The competition they’re going to face will be tough to overcome as well. Ateneo has Ravena returning with an improved Pessumal and their own batch of talented rookies - the Nieto brothers, Hubert Cani, Isaac Go, and Jerie Pingoy, to name a few. The NU Bulldogs have their lethal duo of Gelo Alolino and Alfred Aroga set to come back, even hungrier for another championship. The FEU Tamaraws have both Belo and Mike Tolomia returning, with a bigger, better foreign student-athlete in 6-foot-10 Prince Orizu also in uniform to strengthen their defense by patrolling the paint.
Nonetheless, the Green Archers’ confidence level, with just a few days to go before they open their season against the defending champion Bulldogs, is high - many newbies or not.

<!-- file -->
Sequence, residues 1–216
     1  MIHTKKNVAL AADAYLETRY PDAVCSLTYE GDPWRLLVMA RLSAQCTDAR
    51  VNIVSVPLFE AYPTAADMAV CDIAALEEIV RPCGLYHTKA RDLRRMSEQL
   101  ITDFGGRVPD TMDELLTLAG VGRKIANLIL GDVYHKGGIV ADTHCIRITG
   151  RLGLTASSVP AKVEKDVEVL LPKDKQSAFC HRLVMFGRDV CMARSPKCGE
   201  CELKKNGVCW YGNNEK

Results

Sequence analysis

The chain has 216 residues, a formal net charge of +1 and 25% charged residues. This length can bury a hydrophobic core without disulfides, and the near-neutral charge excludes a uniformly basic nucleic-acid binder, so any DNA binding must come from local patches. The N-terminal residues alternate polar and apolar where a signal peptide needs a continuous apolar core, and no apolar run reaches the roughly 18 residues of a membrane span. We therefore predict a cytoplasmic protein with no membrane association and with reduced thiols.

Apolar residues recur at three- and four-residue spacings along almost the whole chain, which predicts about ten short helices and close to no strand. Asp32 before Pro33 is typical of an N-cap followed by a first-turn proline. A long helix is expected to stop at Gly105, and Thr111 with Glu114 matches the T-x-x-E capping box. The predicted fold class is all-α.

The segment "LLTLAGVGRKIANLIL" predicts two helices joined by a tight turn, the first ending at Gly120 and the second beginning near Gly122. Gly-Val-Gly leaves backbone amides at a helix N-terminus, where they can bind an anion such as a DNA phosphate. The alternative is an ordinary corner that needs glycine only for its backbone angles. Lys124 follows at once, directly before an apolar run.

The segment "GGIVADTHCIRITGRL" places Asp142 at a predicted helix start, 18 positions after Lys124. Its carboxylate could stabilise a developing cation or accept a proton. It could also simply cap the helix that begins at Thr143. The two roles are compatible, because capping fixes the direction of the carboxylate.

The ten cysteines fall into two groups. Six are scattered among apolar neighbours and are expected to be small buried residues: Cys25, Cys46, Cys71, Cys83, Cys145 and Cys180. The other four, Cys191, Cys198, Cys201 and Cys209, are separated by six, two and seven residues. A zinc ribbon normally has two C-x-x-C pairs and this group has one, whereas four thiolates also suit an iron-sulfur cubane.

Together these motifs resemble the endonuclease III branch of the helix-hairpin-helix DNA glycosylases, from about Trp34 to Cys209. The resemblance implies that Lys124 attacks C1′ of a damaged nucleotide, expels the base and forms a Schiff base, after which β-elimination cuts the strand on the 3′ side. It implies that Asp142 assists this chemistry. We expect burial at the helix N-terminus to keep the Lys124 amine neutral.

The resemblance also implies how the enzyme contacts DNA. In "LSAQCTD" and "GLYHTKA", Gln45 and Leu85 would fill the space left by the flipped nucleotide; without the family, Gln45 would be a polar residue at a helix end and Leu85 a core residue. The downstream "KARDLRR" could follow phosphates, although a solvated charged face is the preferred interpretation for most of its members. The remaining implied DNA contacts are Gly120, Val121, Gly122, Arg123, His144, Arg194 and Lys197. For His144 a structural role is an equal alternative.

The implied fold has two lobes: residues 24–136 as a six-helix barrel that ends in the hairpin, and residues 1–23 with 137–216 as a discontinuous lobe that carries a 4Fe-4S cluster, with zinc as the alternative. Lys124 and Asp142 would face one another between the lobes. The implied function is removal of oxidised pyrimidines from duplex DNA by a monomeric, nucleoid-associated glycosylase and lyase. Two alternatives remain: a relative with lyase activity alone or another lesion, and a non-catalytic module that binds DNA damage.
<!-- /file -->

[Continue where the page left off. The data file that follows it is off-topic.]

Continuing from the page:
“You can expect La Salle to be really competitive every yeah, so no matter who the lineup is, we’re still going to fight and we’re going to put our best effort here in UAAP,” said Teng.
“The nice thing about the rookie batch this year is they all have different attributes that they bring to the team. We got rebounders, shooters, passers,” said Perkins, who later added about his new teammates: “They’re here for a reason, so I think we have a good chance.”
To win the championship?
“We’ll see. We’re going to try our best.”
“Pag tratrabuhan namin yan,” said Caracut. “Yun yung magiging inspiration, motivation namin, yung yes talaga na mag champion kami, and yung focus lang kami every game, every practice, makukuha namin yun.”
(We're going to work for it. That's going to be our inspiration, motivation, to become champions. If we focus every game and every practice, we can get it.)